• Keep a journal of ideas. When you are reading literature related to your general issue area, write down any ideas you have about flaws or gaps you identify (How would the conclusions change if the study were conducted in a different place? With a different population? Using a different methodology?). Often, writers will include a section at the end of each article that outlines areas for future research. Pay special attention to those paragraphs!
  • Talk to as many knowledgeable people as you can, especially in your department. Find out what your fellow students and the faculty think is the most exciting (yet feasible) idea. Make sure your advisor is on board, as their support could be crucial.
  • Consider marketability. Is your topic pushing theoretical or methodological boundaries in some aspect? Where do your questions and approach situate you as a researcher?
  • For more guidance (geared to an audience of economics students), read this note from Don Davis, of Columbia University’s Economics Department

Determine your approach/methods

Remember that, while you must select the methodology most appropriate to your research question, you will also be defining yourself by your methods. So make sure your question helps you use the methodologies you are interested in. In some cases, the research question will lead the selection of your methods while, in others, the reverse may be true. Since methodologies are discipline and question-specific, I will simply provide some food for thought:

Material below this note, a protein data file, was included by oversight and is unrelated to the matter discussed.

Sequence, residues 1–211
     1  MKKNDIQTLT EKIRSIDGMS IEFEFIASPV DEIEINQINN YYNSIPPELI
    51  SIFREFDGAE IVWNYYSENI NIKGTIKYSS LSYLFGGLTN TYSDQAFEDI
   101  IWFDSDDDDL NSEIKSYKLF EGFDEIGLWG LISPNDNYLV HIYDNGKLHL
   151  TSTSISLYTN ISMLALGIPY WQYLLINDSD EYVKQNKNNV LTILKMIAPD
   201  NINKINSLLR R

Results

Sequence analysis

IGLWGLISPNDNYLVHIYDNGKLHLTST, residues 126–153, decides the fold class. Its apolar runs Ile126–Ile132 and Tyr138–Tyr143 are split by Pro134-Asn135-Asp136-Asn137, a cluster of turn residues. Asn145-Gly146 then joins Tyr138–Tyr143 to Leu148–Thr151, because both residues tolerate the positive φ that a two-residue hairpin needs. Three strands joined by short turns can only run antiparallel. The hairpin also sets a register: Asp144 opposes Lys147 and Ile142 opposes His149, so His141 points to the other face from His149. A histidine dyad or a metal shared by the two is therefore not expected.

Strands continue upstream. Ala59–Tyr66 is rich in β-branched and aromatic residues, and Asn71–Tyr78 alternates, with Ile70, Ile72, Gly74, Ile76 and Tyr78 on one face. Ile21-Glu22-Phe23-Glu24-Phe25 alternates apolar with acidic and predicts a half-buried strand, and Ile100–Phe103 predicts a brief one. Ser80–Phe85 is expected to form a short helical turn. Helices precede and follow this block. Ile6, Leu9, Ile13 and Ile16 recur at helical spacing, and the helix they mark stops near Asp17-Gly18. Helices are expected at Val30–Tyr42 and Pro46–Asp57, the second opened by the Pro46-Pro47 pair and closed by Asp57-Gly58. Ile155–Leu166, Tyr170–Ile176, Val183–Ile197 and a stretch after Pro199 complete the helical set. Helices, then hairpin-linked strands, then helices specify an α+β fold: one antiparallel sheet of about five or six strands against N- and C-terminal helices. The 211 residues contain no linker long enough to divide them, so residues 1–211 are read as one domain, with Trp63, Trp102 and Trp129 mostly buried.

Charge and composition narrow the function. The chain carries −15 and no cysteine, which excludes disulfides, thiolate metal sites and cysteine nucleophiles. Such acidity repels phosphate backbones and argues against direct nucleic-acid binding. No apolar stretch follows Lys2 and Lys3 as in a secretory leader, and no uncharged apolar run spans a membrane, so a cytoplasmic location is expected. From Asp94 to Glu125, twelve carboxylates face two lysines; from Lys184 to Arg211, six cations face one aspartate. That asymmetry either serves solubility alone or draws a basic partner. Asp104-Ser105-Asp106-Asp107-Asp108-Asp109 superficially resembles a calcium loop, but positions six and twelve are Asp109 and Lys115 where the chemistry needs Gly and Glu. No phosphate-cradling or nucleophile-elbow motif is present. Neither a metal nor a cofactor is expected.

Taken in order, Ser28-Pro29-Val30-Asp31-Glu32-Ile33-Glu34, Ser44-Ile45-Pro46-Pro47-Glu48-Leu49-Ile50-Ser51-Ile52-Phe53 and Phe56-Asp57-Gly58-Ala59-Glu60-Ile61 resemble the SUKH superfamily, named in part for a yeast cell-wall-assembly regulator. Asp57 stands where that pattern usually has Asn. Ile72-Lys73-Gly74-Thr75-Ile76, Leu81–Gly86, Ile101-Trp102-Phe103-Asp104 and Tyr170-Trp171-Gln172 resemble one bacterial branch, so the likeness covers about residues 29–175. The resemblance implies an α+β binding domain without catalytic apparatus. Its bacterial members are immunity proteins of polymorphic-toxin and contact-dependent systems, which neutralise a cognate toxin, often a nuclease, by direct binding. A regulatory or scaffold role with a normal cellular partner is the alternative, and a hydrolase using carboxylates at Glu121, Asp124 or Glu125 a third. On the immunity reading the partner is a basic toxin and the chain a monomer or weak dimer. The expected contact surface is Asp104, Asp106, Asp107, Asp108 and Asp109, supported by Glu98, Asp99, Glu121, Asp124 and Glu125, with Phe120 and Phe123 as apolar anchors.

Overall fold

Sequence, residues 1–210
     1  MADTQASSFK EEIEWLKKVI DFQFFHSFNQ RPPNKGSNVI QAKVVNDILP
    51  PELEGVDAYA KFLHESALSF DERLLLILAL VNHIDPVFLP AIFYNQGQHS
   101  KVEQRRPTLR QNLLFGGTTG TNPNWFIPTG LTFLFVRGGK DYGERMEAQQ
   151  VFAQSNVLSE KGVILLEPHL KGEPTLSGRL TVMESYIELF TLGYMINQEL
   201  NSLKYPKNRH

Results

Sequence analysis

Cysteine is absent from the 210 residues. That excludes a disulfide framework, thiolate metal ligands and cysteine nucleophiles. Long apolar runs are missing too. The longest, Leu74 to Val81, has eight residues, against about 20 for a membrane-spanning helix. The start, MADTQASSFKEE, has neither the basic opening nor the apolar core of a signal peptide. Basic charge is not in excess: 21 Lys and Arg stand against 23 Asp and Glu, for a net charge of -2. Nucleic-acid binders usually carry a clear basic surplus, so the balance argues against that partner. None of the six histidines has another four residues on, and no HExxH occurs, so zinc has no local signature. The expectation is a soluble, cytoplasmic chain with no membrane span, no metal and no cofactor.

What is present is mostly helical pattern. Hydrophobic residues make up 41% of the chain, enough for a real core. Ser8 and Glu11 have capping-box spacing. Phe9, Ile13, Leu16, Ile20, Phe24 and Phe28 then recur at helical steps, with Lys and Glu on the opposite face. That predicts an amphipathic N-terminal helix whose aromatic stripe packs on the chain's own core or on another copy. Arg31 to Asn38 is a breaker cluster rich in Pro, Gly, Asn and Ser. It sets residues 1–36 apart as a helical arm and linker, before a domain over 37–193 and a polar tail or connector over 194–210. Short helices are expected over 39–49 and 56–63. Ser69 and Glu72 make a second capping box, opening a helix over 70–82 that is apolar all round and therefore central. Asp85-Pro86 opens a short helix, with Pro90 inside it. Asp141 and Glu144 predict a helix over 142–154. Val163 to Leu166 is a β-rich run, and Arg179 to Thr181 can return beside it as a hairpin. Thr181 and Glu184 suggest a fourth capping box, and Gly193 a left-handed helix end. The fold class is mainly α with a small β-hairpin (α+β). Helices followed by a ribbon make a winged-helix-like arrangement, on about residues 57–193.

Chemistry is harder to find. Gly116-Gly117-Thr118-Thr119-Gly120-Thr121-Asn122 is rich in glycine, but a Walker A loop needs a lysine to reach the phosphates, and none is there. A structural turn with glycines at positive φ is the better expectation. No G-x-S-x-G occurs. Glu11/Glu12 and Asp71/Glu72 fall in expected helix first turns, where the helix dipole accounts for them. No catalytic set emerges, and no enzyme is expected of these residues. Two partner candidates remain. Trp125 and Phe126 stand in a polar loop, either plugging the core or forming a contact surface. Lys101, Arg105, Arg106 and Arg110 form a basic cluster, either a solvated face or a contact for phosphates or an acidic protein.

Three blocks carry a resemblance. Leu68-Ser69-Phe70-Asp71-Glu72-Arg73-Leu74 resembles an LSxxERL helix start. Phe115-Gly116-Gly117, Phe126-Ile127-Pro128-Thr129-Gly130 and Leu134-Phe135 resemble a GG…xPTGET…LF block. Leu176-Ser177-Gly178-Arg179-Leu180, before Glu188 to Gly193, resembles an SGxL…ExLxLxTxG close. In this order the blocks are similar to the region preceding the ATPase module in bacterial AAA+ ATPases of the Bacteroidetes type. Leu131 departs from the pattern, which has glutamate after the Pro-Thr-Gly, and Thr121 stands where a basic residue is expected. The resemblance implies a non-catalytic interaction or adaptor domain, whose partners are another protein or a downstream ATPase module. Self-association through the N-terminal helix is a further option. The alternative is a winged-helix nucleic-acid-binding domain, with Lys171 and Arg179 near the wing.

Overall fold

• Is your dissertation going to take the form of a series of papers (typical of physical/life science) or a book (typical of social science and humanities)? Your choice will likely be driven by the morays of your discipline or sub-discipline. Your advisor and other mentors should be able to help you understand what is de rigeur in your field.
  • Be strategic. Are there technical skills or techniques you wish to gain over the course of your studies? If so, it would be wise to find an appropriate way to incorporate these into your dissertation research. Of course, you will also need to dedicate time and resources to acquiring these skills.
  • There are two major pairs of methodological binaries to consider when selecting your methods: qualitative vs. quantitative and empirical vs. theoretical. You will need to assess where you want to situate your research: on either side of these binaries, or perhaps in the middle. Increasingly, researchers are finding interesting ways to bridge these traditional divisions, or to apply unorthodox methods to questions that have only been explored in one way.
  • Lastly, consider your data needs and sources. Will you be using primary or secondary data? Does your field value collecting your own data? If so, you may want to build in a time and financial budget that allows you to do your own fieldwork. If not, consider using existing data in order to save time and money. How will you get access to the data?